When I came to Australia in the 1980s I was shocked by the racist pride: the casual contempt for Aborigines (even though hardly anyone in Melbourne had actually met an Aborigine), and the hostility towards immigrants, especially refugees.
Back then, the target was Vietnamese boat people. I knew people who proudly recounted how they rolled down the car window when they passed Vietnamese and mimed mowing them down with a machine gun. My partner frequently had to drag me out of dog fights that started with such stories. “Don’t take it so seriously!” she said.
Radio talkback was full of callers complaining about the Australian Government giving the Vietnamese settlers a brand new Holden each. (The “Holden” was an essential detail of the story because it was so quintessentially Australian. Meanwhile, the poor Aussie battlers had to drive beat-up old Toyotas.) It’s hard now to believe how silly the lies were. Almost as silly as the idea of people bringing their children half way round the world only to dump them in the ocean.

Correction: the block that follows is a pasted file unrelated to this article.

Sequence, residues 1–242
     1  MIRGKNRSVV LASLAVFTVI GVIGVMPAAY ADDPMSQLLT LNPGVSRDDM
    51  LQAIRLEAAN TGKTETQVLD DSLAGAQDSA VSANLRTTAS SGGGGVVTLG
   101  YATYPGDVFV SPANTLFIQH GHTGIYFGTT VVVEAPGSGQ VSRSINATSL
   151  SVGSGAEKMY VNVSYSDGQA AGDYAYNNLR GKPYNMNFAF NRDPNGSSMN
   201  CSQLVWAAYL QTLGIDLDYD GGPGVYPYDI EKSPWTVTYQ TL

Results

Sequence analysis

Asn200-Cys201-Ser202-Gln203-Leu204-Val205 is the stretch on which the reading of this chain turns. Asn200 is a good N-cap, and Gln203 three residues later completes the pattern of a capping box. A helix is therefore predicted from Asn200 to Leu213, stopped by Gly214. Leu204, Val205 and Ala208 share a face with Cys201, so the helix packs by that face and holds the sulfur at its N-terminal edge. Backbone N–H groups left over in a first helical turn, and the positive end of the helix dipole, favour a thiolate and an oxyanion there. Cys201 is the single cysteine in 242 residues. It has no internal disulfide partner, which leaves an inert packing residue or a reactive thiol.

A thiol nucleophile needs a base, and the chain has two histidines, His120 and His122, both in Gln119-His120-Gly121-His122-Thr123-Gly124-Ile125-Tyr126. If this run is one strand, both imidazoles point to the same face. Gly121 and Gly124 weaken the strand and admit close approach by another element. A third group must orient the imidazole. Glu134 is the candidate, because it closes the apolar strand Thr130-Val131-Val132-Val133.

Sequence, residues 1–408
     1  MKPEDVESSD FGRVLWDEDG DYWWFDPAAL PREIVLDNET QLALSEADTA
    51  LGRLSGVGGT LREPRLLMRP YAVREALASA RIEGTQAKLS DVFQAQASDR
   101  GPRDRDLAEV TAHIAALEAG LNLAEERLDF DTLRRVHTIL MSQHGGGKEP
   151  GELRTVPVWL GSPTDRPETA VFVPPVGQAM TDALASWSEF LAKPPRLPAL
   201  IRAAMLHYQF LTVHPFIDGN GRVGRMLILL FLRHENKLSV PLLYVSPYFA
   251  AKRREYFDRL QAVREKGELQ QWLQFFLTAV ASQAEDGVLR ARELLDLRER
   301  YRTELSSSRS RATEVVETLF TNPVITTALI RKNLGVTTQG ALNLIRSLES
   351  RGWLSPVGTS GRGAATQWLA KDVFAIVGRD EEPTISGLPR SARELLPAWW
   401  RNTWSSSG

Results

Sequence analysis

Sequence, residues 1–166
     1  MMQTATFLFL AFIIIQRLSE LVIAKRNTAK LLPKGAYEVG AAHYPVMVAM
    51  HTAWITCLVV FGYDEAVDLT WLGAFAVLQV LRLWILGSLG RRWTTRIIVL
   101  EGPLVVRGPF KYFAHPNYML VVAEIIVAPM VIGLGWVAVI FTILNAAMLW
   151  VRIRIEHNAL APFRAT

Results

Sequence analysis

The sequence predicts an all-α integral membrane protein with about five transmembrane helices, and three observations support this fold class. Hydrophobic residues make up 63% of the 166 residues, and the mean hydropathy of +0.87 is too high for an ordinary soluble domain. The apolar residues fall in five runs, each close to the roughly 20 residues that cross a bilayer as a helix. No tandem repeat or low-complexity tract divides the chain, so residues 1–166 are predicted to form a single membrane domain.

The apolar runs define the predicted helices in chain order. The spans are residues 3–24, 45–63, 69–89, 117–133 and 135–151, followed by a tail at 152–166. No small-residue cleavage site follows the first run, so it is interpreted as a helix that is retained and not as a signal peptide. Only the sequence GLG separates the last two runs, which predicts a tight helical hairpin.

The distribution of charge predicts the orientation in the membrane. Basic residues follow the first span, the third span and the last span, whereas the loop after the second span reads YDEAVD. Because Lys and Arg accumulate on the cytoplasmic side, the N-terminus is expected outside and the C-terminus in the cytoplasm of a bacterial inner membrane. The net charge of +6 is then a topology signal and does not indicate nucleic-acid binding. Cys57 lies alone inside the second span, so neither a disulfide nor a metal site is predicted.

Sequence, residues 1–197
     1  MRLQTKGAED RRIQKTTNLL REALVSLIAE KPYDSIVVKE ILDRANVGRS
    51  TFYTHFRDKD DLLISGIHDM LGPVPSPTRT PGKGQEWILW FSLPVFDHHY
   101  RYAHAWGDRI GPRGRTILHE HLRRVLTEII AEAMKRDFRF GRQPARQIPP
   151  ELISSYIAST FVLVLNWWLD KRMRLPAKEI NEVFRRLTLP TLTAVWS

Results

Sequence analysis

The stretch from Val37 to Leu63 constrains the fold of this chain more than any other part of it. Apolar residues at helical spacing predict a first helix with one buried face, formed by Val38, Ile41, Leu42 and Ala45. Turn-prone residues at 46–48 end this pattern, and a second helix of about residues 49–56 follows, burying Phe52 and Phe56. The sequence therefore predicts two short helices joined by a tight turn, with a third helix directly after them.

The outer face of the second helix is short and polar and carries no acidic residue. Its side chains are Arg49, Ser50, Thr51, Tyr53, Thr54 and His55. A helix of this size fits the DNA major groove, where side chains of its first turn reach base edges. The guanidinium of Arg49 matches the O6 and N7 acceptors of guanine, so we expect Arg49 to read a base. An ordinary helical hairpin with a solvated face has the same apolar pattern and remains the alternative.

I tuned back in to Sam. “There’s thousands of Muslims in the western suburbs,” he was saying. “They run the shops. You hardly see a white face. Next thing there’ll be more of them than there are of us and then they’ll run the country.”
Where to start and what’s the point? Usually I scream “You ***&##@!! #*$**!!*#”, slam the phone down or stalk away, then spent the next half hour yelling at the cat (she’s deaf).